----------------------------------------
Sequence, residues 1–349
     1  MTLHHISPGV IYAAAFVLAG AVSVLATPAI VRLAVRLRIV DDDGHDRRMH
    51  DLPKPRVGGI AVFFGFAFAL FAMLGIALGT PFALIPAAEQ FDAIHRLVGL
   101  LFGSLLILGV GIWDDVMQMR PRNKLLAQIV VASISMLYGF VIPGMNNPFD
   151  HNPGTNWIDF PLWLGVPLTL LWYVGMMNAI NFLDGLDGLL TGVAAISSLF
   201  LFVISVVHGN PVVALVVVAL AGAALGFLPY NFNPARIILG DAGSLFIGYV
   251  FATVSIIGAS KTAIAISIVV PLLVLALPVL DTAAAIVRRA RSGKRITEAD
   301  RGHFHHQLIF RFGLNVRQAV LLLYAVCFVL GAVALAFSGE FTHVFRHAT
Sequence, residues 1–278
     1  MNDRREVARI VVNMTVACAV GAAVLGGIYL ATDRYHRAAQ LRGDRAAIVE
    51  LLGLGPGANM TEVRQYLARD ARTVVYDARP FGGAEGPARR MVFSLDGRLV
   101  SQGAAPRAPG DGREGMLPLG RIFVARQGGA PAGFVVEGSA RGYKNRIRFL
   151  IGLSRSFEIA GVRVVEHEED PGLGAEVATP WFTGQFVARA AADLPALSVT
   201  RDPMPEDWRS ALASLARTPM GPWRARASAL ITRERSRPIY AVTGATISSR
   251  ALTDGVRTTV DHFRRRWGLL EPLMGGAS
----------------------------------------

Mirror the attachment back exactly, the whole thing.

Sequence, residues 1–349
     1  MTLHHISPGV IYAAAFVLAG AVSVLATPAI VRLAVRLRIV DDDGHDRRMH
    51  DLPKPRVGGI AVFFGFAFAL FAMLGIALGT PFALIPAAEQ FDAIHRLVGL
   101  LFGSLLILGV GIWDDVMQMR PRNKLLAQIV VASISMLYGF VIPGMNNPFD
   151  HNPGTNWIDF PLWLGVPLTL LWYVGMMNAI NFLDGLDGLL TGVAAISSLF
   201  LFVISVVHGN PVVALVVVAL AGAALGFLPY NFNPARIILG DAGSLFIGYV
   251  FATVSIIGAS KTAIAISIVV PLLVLALPVL DTAAAIVRRA RSGKRITEAD
   301  RGHFHHQLIF RFGLNVRQAV LLLYAVCFVL GAVALAFSGE FTHVFRHAT
Sequence, residues 1–278
     1  MNDRREVARI VVNMTVACAV GAAVLGGIYL ATDRYHRAAQ LRGDRAAIVE
    51  LLGLGPGANM TEVRQYLARD ARTVVYDARP FGGAEGPARR MVFSLDGRLV
   101  SQGAAPRAPG DGREGMLPLG RIFVARQGGA PAGFVVEGSA RGYKNRIRFL
   151  IGLSRSFEIA GVRVVEHEED PGLGAEVATP WFTGQFVARA AADLPALSVT
   201  RDPMPEDWRS ALASLARTPM GPWRARASAL ITRERSRPIY AVTGATISSR
   251  ALTDGVRTTV DHFRRRWGLL EPLMGGAS